But it wasn't long before they started coming up with jokes themselves about the controversial visit. Many also poked fun at Mexican President Enrique Peña Nieto, who has agreed to meet with Trump and whose popularity has been tanking.
"An advanced look of what we'll see tomorrow," one person tweeted Tuesday night, posting an image of the lead characters from the 1990s cartoon "Beavis and Butt-head."
Mexican actress Ana Brenda tweeted an idea, encouraging Peña Nieto to block Trump at the border.
"You will be a national hero," she wrote.
Mexico City's Museum of Memory and Tolerance, which includes exhibits on the Holocaust and the US Civil Rights Movement, offered Trump free admission.
"We invite you to visit us to remember history and not repeat it," the museum said on Twitter.
It's no surprise that Trump, who launched his presidential bid with a speech referring to Mexicans who illegally cross the US border as murderers and rapists, isn't popular in Mexico.
Here's a look at ways some in the neighboring country have responded to the US presidential candidate and his proposals:
Trump has already been in Mexico for months -- as a piñata.
Just a few days after the billionaire businessman announced his campaign, an artist in Reynosa, Mexico, started making piñatas of a man in a suit with wispy orange hair
. It wasn't long before similar models were for sale across the country.
The idea quickly caught on in the United States as well, with stores in Texas and California selling out of the popular items.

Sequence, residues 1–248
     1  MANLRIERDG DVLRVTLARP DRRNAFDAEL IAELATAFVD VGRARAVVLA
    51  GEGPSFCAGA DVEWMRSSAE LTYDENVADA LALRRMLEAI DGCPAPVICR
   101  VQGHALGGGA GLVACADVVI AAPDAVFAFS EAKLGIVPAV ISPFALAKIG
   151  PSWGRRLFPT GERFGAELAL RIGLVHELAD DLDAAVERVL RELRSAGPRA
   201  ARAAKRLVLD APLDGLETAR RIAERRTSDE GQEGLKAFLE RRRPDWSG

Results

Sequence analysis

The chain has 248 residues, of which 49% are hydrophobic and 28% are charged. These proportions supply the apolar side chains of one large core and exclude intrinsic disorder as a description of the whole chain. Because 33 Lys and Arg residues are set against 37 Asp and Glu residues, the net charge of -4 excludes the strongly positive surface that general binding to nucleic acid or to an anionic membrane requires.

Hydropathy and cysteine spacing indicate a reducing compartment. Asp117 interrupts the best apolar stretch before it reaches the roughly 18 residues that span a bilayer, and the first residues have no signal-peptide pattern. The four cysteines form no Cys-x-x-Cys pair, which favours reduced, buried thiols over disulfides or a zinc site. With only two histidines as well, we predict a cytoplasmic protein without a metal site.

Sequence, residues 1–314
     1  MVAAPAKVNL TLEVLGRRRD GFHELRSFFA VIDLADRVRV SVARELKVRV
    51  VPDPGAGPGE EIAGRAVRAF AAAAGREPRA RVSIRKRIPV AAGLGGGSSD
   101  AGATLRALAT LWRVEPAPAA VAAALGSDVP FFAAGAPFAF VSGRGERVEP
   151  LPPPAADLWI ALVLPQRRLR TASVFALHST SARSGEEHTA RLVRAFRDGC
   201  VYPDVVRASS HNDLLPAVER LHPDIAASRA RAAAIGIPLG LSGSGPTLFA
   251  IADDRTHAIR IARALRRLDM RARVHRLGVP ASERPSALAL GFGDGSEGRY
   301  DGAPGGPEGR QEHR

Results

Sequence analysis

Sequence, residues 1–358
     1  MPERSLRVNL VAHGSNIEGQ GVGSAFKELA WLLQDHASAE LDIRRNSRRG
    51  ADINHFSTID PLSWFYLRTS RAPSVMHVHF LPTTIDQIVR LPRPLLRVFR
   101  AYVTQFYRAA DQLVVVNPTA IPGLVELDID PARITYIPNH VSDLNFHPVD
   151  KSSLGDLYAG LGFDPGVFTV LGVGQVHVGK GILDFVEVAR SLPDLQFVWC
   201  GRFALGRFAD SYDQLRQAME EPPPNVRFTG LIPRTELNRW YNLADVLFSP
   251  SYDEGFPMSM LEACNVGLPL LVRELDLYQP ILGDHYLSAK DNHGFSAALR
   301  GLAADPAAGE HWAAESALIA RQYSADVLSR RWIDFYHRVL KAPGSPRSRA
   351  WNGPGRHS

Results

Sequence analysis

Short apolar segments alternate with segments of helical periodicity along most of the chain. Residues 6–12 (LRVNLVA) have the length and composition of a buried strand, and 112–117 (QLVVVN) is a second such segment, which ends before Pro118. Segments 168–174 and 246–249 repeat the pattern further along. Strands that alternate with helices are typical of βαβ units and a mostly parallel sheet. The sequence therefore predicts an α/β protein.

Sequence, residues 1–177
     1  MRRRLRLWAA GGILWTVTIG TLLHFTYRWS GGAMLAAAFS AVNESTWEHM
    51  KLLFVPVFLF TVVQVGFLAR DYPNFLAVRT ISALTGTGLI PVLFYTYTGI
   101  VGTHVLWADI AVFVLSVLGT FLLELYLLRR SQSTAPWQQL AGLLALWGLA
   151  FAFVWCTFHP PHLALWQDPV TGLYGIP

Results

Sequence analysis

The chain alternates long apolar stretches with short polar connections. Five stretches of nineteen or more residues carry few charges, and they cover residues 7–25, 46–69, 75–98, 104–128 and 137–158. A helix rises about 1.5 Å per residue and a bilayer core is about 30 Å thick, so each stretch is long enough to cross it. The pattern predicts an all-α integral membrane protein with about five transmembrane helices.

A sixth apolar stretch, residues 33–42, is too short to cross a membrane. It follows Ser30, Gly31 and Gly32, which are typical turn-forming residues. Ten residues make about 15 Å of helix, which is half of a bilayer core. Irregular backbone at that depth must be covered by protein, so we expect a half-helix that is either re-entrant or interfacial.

And tweets mocking Trump's Mexico visit Wednesday picked up on the trend, imagining what the presidential hopeful might say when he sees the piñatas.
Making a mask factory great again
Owners of a Halloween mask factory in Jiutepec, Mexico, told CNN's Rafael Romo
earlier this year that they were busier than ever, thanks to Trump.
Trump's fame in the United States -- and infamy in Mexico -- drove demand for an unflattering Trump mask, which picked up last fall when it became clear that the Republican presidential candidate was a serious contender.
"We weren't making this mask with hair at first," co-owner Ricardo Esponda told CNN, "but some of our customers asked for it. It's got to have hair."
Families fear impact
But for some Mexicans, Trump's proposals are no laughing matter.
Several families told CNN's Rosa Flores last month
they were terrified by Trump's proposal to cut off money transfers from the US to Mexico.
"It's not right," Martha Mendoza said as she cooked tortillas at her home in the town of Francisco Villa.
Town leader Jaime Leon said he was worried about the future of his small village.
"Francisco Villa, without money transfers (from the US), will drown," he said. "It will downward spiral."
Ex-Presidents slam wall proposal
While Peña Nieto seems to have extended an olive branch, several former Mexican leaders have made it clear they'll never see eye to eye with Trump.
Former President Vicente Fox didn't mince words when a reporter asked earlier this year about Trump's proposal to make Mexico pay for a wall at the border.
"I'm not going to pay for that f***ing wall. He should pay for it," Fox told Fusion's Jorge Ramos in a interview.
Since then, Fox, who led Mexico from 2000-2006, has continued to slam the Republican candidate.
"Trump is using Mexico, is using President Peña to push his sinking poll numbers," Fox told CNN ahead of Trump's trip.
And former first lady Margarita Zavala joined the fray on Wednesday, sending a tweet to Trump.
"Even though they have invited you, know that you are not welcome," she wrote. "Mexicans have dignity and we repudiate your discourse of hate."